[samurai jack games]10 Animated Series That Are As Aesthetically Pleasing As Castlevania
Netflix’s Castlevania has proven to be a huge hit, largely thanks to its incredible visual style. These other shows have similarly distinctive looks.
By Daniel Kurland
Published Jun 10, 2021
It’s an incredibly exciting time for animation and the medium has grown so much more sophisticated, both in terms of storytelling and aesthetics, that stunning series’ like Netflix’s Castlevania are becoming the norm, not the exception. Castlevania is a passionate adaptation of the popular video game series, but the gorgeous animation and flowing fight choreography helps the look and design of the series resonate on another level.
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Television has reached a point where more of the general public are aware of the different animation studios behind projects and what they each bring to the table. There are fortunately a wide variety of satisfying animated series for those that just want to be bombarded with visual delights.
Blood of Zeus is another animated series that’s recently hit Netflix and feels like it could very much be Castlevania’s successor, not just in terms of its visuals, but also the genre and subject matter. Blood of Zeus explores the powerful Gods and unbelievable weapons that fuel Greek mythology. The series’ creates an original tortured protagonist Heron, Zeus’ demigod son, who gets pulled between Earth and Olympus. The battle sequences in Blood of Zeus are just as accomplished as those in Castlevania and there’s a distinct and vibrant style that electrifies the series’ monsters and combat.
Coming from Pendleton Ward of Adventure Time fame and Duncan Trussell, The Midnight Gospel is a psychedelic animated trip like nothing else. The Midnight Gospel catapults between different planets as spacecaster Clancy meditates on existential subject matter with diverse individuals with enlightening opinions. The visuals that accompany these heady discussions are truly unreal and there’s a fluidity where there’s perpetual motion to everything. It’s a series that could be watched without the audio, or without the visuals, and it’d still be a satisfying experience, which is an extremely rare accomplishment.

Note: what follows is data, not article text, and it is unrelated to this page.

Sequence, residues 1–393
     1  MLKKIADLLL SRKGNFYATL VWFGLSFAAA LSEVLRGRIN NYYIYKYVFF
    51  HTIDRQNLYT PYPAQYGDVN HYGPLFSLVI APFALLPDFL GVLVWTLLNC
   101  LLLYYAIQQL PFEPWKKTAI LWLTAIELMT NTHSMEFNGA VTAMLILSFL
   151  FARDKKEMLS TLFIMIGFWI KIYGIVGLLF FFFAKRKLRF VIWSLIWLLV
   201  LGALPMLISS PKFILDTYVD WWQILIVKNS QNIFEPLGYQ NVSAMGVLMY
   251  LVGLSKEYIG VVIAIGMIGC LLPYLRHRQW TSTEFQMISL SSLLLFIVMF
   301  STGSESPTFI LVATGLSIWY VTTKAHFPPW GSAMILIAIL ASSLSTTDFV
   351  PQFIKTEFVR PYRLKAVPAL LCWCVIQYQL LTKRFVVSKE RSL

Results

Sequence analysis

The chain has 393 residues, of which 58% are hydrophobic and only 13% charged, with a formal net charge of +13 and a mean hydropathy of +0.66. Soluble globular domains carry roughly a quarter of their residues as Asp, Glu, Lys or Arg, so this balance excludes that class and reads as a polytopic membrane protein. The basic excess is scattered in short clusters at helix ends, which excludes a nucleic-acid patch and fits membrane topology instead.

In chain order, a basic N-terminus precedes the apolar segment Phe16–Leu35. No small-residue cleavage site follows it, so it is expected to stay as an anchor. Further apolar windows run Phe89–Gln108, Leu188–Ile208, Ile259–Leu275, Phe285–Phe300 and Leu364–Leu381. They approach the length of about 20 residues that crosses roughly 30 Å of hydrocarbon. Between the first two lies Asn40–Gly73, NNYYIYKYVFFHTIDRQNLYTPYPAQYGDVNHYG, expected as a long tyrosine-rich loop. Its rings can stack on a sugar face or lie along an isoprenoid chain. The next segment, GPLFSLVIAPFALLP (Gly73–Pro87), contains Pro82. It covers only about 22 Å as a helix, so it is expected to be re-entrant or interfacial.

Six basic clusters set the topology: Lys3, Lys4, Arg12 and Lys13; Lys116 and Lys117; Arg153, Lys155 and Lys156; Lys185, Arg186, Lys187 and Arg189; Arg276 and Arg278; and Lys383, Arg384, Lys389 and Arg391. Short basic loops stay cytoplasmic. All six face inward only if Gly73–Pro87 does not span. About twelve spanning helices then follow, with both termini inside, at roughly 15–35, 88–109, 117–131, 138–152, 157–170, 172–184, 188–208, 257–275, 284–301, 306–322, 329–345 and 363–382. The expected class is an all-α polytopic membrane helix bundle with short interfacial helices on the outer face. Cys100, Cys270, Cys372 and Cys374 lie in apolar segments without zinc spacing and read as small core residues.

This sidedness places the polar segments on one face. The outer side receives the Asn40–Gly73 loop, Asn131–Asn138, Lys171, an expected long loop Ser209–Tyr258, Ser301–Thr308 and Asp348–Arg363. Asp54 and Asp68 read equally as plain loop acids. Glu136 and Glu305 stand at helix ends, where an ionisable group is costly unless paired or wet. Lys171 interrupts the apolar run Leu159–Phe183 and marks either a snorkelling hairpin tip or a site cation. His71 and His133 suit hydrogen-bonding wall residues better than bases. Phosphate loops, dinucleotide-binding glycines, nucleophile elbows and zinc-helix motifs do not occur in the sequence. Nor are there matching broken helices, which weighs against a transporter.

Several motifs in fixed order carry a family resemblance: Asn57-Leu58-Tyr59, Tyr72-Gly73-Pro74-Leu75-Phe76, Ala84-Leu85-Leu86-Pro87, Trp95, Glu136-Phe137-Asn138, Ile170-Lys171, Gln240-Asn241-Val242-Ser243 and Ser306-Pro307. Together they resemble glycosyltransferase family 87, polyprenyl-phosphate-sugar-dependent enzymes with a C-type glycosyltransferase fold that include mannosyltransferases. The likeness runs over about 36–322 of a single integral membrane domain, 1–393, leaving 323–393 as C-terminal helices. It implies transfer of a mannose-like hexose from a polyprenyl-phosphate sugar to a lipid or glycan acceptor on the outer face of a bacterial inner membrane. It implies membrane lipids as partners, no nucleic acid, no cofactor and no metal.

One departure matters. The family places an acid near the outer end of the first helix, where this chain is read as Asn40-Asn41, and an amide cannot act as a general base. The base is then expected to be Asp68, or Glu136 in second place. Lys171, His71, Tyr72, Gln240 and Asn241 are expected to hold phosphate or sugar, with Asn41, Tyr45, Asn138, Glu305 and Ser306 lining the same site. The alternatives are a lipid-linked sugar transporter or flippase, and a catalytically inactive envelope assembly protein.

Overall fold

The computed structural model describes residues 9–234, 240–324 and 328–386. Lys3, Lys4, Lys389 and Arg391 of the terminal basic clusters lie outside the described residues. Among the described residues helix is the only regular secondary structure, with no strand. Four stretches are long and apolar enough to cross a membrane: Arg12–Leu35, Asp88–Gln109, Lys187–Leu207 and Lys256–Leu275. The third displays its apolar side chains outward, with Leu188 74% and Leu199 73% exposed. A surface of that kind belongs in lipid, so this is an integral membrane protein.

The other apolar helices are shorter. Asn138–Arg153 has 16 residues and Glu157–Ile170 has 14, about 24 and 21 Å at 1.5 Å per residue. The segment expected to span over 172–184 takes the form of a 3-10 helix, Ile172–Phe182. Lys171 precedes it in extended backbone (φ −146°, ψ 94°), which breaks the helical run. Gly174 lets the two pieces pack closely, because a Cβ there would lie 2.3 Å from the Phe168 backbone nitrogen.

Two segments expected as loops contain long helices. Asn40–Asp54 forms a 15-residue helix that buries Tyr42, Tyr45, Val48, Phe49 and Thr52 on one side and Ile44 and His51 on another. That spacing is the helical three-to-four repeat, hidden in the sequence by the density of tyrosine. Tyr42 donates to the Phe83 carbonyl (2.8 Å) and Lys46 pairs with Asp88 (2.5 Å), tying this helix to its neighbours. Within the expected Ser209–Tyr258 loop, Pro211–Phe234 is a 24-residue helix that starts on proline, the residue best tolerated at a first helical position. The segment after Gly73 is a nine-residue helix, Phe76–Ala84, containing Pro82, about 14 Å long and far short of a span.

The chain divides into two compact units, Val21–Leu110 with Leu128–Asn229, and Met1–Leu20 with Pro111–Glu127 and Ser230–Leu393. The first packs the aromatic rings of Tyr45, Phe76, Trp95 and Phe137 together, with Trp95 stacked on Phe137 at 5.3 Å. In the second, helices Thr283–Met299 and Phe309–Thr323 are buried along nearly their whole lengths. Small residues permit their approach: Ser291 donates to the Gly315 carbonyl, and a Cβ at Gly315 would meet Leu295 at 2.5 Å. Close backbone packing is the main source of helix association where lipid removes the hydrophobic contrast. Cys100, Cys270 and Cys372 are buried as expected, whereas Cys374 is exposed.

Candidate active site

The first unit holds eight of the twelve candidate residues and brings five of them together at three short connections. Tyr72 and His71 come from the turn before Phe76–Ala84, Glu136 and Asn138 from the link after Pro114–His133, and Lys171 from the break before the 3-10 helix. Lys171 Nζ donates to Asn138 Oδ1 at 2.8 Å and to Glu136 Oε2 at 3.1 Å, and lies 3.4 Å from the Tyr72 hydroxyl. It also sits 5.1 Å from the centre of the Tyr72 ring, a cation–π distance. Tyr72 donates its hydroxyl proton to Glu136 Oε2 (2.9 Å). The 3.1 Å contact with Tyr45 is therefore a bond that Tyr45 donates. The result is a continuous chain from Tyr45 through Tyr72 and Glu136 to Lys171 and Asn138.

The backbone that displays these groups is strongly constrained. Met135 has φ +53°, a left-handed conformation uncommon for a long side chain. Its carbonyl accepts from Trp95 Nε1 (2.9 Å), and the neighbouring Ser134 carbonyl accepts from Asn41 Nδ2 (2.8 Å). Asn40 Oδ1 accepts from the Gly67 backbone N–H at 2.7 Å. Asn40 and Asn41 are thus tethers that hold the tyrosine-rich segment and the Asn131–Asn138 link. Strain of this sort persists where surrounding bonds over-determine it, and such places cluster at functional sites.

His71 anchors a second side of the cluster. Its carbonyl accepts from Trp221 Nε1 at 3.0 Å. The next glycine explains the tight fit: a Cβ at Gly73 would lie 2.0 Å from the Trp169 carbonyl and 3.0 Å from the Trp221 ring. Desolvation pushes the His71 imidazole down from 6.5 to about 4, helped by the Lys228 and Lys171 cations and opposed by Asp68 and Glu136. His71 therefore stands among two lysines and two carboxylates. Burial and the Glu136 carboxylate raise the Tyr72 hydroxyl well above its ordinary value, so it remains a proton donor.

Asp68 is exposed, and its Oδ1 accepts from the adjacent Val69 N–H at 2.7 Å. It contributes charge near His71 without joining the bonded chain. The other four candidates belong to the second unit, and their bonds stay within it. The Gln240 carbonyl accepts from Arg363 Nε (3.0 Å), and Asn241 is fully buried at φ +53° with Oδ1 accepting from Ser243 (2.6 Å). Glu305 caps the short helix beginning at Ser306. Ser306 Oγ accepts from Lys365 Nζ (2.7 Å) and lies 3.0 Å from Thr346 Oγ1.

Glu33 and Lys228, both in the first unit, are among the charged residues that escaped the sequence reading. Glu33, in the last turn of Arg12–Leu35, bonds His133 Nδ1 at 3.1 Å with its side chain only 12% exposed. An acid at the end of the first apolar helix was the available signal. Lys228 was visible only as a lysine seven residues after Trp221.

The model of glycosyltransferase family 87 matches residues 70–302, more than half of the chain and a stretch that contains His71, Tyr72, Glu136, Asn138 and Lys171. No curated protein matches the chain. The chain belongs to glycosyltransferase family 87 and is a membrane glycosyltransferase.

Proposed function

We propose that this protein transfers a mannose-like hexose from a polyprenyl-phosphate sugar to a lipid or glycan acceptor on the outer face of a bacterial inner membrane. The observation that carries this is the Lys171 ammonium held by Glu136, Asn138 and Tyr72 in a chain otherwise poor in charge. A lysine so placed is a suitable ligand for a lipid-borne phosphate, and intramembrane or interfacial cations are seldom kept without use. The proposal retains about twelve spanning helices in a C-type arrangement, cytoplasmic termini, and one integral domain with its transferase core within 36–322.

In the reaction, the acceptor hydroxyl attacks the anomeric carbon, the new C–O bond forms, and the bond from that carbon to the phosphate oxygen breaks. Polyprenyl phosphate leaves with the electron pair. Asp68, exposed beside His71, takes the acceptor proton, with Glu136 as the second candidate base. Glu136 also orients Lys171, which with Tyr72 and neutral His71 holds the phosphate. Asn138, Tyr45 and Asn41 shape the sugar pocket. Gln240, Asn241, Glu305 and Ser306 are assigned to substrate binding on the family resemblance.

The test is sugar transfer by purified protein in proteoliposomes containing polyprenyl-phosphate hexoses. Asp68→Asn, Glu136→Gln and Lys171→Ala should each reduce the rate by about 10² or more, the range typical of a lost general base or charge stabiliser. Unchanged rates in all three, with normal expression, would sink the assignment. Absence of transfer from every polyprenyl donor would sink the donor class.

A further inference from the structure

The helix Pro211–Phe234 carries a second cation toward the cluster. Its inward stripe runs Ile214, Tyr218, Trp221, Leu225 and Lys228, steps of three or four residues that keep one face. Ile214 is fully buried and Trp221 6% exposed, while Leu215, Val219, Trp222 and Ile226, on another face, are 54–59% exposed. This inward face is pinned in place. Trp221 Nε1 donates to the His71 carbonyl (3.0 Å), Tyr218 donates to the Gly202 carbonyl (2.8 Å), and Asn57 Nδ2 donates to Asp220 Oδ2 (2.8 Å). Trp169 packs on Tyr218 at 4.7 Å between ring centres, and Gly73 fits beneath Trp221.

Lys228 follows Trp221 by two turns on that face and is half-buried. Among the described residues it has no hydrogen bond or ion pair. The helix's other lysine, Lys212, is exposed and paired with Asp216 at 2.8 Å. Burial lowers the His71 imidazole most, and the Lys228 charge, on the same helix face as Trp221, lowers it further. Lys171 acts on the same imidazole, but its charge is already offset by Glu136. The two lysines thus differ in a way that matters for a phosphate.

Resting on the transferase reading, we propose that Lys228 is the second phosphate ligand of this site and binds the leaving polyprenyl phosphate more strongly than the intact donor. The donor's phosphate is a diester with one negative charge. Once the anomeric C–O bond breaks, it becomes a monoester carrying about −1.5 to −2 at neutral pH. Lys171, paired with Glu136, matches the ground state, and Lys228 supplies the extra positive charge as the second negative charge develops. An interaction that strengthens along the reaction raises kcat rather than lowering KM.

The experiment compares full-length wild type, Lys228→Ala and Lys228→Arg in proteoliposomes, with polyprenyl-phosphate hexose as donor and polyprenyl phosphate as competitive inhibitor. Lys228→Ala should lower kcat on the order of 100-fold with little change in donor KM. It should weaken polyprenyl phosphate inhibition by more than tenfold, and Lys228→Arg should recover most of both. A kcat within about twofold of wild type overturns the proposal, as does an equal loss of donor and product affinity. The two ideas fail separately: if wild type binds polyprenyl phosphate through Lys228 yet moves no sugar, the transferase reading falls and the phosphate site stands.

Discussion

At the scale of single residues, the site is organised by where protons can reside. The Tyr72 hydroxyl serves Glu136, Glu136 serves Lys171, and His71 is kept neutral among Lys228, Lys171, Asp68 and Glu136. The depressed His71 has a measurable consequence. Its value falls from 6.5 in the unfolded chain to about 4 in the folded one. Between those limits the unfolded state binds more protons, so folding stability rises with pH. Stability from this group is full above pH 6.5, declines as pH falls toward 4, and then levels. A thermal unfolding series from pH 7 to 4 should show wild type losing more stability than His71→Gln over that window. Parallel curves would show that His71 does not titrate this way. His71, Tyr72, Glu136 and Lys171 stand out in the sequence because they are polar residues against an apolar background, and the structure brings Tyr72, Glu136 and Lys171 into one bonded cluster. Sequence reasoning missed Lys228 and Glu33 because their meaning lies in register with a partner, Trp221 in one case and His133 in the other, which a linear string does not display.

Netflix has made it clear that they want to become a major player in the animation industry and it’s series like Yasuke that show that they’re series. Yasuke riffs on the true piece of history surrounding an African American samurai, but then remixes the past with magical powers, giant mechas, and a slew of supernatural elements.
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Yasuke is an assault on every level, but it finds a balance where all of this chaos works. The animation allows for incredible sword fights as well as sprawling wars between man, magic, and machine. In Yasuke it feels like anything is possible.
There used to be such a stigma around adaptations of video games, but series like Castlevania have helped make other series like Netflix’s DOTA: Dragon’s Blood possible. Dragon’s Blood pulls mostly from the popular second entry in the DOTA series and looks at a rich fantasy world where the extermination of dragons is paramount for the public’s safety. Dragon Knight, Davion, leads this charge and the result are an explosive and bewildering presentation of blood, blades, and magic. DOTA makes sure that its animation is able to handle the epic stakes of its action and it does not disappoint.
There are a lot of visionary names in animation, but Masaaki Yuasa is a truly groundbreaking talent that hasn’ shown any signs of slowing down. One of the creators most prominent pieces of work is the Devilman Crybaby update to Go Nagai’s classic property. Devilman Crybaby doesn’t veer too far from the original coming of age story that looks at the dangers and responsibilities of power. However, Devilman Crybaby presents surreal visuals that make it feel like the audience is going through the same transformation as Akira. Visuals melt together and the animation style shatters any preconceived standards.